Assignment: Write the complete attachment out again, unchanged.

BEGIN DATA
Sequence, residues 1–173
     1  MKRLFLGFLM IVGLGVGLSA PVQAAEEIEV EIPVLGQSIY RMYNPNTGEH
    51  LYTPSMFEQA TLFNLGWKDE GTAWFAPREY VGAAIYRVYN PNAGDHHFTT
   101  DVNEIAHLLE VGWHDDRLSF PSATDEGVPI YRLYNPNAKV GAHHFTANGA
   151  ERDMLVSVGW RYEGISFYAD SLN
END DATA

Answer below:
Sequence, residues 1–173
     1  MKRLFLGFLM IVGLGVGLSA PVQAAEEIEV EIPVLGQSIY RMYNPNTGEH
    51  LYTPSMFEQA TLFNLGWKDE GTAWFAPREY VGAAIYRVYN PNAGDHHFTT
   101  DVNEIAHLLE VGWHDDRLSF PSATDEGVPI YRLYNPNAKV GAHHFTANGA
   151  ERDMLVSVGW RYEGISFYAD SLN